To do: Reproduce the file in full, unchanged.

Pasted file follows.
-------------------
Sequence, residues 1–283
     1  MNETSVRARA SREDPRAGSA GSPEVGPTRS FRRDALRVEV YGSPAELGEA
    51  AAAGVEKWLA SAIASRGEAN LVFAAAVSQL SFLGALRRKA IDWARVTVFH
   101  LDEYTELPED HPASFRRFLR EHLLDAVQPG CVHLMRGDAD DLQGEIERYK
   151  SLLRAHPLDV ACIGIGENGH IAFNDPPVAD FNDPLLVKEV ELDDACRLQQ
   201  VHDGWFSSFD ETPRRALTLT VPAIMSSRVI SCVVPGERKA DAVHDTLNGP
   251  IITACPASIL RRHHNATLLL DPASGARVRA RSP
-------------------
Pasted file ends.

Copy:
Sequence, residues 1–283
     1  MNETSVRARA SREDPRAGSA GSPEVGPTRS FRRDALRVEV YGSPAELGEA
    51  AAAGVEKWLA SAIASRGEAN LVFAAAVSQL SFLGALRRKA IDWARVTVFH
   101  LDEYTELPED HPASFRRFLR EHLLDAVQPG CVHLMRGDAD DLQGEIERYK
   151  SLLRAHPLDV ACIGIGENGH IAFNDPPVAD FNDPLLVKEV ELDDACRLQQ
   201  VHDGWFSSFD ETPRRALTLT VPAIMSSRVI SCVVPGERKA DAVHDTLNGP
   251  IITACPASIL RRHHNATLLL DPASGARVRA RSP